Book Image

Interpretable Machine Learning with Python

By : Serg Masís
Book Image

Interpretable Machine Learning with Python

By: Serg Masís

Overview of this book

Do you want to gain a deeper understanding of your models and better mitigate poor prediction risks associated with machine learning interpretation? If so, then Interpretable Machine Learning with Python deserves a place on your bookshelf. We’ll be starting off with the fundamentals of interpretability, its relevance in business, and exploring its key aspects and challenges. As you progress through the chapters, you'll then focus on how white-box models work, compare them to black-box and glass-box models, and examine their trade-off. You’ll also get you up to speed with a vast array of interpretation methods, also known as Explainable AI (XAI) methods, and how to apply them to different use cases, be it for classification or regression, for tabular, time-series, image or text. In addition to the step-by-step code, this book will also help you interpret model outcomes using examples. You’ll get hands-on with tuning models and training data for interpretability by reducing complexity, mitigating bias, placing guardrails, and enhancing reliability. The methods you’ll explore here range from state-of-the-art feature selection and dataset debiasing methods to monotonic constraints and adversarial retraining. By the end of this book, you'll be able to understand ML models better and enhance them through interpretability tuning.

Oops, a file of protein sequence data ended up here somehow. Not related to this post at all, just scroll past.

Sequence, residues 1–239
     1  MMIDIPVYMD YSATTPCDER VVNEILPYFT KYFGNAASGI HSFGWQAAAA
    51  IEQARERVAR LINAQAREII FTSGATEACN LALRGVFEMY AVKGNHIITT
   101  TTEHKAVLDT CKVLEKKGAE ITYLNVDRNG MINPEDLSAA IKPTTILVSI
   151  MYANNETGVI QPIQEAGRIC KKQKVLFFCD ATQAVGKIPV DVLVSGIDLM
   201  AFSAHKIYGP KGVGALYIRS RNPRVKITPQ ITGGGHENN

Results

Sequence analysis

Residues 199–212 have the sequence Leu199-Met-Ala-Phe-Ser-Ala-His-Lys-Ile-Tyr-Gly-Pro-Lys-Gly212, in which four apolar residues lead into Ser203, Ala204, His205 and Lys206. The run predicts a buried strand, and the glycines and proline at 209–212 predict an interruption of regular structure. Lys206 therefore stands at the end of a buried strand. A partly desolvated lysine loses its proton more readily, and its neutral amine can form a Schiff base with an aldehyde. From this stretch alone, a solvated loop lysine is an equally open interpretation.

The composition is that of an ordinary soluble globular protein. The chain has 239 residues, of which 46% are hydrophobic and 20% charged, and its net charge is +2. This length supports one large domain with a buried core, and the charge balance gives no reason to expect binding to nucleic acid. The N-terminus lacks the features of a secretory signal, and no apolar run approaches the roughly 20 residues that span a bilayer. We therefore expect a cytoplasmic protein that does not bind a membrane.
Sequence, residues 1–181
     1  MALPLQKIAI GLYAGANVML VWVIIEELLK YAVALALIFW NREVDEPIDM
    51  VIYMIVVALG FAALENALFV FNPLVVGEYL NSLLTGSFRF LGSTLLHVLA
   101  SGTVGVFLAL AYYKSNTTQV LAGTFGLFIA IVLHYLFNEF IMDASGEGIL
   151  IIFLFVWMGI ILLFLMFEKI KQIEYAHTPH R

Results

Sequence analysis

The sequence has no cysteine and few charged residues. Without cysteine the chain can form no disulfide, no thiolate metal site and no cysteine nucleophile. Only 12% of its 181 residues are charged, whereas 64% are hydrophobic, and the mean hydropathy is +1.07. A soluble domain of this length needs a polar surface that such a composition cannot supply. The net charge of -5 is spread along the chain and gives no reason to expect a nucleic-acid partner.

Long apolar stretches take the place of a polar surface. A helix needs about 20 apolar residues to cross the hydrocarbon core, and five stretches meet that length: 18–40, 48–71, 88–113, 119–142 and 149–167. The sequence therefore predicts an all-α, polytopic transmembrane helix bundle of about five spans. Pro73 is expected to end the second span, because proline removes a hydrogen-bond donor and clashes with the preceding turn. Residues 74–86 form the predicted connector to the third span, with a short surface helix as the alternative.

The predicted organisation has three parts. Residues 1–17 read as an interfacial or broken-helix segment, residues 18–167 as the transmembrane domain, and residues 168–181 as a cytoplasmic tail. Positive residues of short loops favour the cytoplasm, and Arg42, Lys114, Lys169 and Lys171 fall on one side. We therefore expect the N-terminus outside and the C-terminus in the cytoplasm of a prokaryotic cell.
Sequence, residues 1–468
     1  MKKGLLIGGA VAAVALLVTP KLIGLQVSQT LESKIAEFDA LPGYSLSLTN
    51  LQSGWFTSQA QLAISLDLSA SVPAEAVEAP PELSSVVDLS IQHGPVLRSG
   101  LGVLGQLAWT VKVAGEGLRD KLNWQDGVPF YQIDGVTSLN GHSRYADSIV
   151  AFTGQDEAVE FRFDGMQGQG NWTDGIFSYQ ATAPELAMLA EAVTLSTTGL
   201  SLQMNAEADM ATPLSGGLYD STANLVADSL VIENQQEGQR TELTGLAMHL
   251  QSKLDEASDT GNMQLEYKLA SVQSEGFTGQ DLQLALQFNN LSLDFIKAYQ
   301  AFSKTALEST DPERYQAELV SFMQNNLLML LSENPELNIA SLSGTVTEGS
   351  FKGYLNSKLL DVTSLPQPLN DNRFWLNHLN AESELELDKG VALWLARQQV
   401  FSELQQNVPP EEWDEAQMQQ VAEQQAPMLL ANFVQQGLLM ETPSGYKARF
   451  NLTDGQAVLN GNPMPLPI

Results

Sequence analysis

Table of Contents (19 chapters)
Section 1: Introduction to Machine Learning Interpretation
Section 2: Mastering Interpretation Methods
Section 3:Tuning for Interpretability

Explaining ICE plots

ICE plots are the answer to the question: What if my PDP plots obscure the variance in my feature-target relationships? Indeed, when you are trying to understand how a feature relates to the prediction of a model, a lot can be lost by averaging it out. If you take a close look at the PDP plots for individual features, many of them have thin lines that are not only distant from the average thick line but don't even follow its general direction. These variations can provide additional insight—and, by the way, the thin lines are essentially what ICE plots are about, except you can do much more with them.

ICE plots can include all of your datasets, but having many lines in your plots can be computationally expensive and—more importantly—difficult to appreciate. This is why it's recommended to either sample your dataset or plot the lines with transparency.

We will use both approaches, but let's first sample the dataset. We...